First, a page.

BTW, just for completeness' sake, there are 14 fret D holes out there built with the short scale (640-650 mm). These are typically by some of the higher-end builders (e.g., Michael Dunn, Shelley Park, US-made Dell'Arte, etc.). They are attractive to people who feel that the longer scale is a problem due to their smallish hands (I used to think that, but no more), but the sound and projection may suffer somewhat as compared to the long scale guitars.

    IMHO, pretty much anyone can get used to the long scale. It just takes time.
    Benny

    "It's a great feeling to be dealing with material which is better than yourself, that you know you can never live up to."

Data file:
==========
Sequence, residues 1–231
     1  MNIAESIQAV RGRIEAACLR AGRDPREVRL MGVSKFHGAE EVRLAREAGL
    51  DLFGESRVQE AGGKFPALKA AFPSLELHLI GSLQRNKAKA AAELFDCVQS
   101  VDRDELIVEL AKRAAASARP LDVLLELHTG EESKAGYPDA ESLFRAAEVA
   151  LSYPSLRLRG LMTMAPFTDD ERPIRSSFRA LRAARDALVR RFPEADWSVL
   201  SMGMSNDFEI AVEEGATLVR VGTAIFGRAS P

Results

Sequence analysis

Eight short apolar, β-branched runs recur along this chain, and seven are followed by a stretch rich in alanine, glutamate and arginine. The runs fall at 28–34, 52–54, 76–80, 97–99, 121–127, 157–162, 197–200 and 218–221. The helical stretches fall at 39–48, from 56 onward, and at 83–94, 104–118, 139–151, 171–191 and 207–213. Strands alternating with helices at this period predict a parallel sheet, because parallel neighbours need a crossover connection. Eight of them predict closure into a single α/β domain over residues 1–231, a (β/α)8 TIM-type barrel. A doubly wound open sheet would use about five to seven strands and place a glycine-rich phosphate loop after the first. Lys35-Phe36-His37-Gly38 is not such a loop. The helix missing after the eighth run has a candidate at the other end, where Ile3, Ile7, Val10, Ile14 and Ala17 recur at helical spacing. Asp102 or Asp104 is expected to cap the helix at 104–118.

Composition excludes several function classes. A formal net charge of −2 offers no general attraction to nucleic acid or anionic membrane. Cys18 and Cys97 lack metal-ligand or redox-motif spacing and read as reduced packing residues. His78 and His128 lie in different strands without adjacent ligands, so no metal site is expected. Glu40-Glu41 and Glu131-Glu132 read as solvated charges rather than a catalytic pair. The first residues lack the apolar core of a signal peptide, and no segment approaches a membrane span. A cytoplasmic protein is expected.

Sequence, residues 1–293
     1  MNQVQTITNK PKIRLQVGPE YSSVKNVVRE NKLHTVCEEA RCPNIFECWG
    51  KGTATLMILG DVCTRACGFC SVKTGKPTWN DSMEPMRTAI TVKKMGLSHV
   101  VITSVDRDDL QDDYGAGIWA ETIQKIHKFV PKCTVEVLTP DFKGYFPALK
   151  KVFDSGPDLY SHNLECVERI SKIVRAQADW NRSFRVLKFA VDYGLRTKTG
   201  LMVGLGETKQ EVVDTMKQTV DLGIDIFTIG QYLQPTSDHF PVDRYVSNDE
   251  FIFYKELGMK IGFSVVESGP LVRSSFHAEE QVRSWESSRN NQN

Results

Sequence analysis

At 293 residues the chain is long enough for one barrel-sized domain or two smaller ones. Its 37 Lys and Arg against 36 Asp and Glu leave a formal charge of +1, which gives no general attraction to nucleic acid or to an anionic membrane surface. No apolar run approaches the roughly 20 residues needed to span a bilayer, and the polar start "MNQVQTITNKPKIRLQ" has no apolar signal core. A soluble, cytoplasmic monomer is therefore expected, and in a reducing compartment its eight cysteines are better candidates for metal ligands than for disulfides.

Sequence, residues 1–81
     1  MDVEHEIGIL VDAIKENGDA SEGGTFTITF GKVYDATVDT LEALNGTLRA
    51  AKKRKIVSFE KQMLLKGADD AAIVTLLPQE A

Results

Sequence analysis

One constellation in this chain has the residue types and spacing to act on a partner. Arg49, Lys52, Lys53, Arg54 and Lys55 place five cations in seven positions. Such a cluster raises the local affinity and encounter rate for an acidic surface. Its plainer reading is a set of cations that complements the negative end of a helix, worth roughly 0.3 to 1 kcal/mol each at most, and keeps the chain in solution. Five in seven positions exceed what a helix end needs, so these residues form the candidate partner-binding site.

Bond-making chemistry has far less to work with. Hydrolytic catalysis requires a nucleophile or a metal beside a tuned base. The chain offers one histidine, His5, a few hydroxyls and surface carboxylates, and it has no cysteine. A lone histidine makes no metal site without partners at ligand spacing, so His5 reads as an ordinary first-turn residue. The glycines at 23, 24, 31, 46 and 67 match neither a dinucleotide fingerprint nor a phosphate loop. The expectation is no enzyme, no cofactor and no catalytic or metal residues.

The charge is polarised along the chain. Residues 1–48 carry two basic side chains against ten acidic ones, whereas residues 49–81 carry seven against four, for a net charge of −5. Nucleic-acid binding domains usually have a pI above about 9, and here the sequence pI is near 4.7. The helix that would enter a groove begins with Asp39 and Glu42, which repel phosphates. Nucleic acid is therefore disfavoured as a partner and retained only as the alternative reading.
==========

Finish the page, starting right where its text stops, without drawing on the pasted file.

-- Orson Welles
  • jimvencejimvence Austin, TX✭✭
    Posts: 73
    Seventh wrote:
    Hey! I'm a bit new to Gypsy Jazz and all of the gypsy guitars that I've played were Oval holes. I am now ready to buy my own gypsy guitar, but I cannot decide between Gitane DG-350 John Jorgenson Model (Oval Hole) or DG-350 Jan Akkerman Model (D-Hole). An inexperienced friend told me that D-holes are used as rhythm guitars, as I also have seen (mostly on youtube), though Angelo Debarre often plays a D-hole when playing lead. I think that D-hole guitars are much cooler looking :D , but my concern is that they (while playing lead guitar) don't cut through the sound of 3 backing guitars playing rhythm manouche?
    So I would appreciate som thoughts, advices and suggestions on this matter.

    In my opinion, the notion of the D hole being rhythm, and the Oval hole for lead really had
    less to do with the tonal properties of the soundboard hole, than the history of how some people
    associate rhythm with "D" and solo with Oval.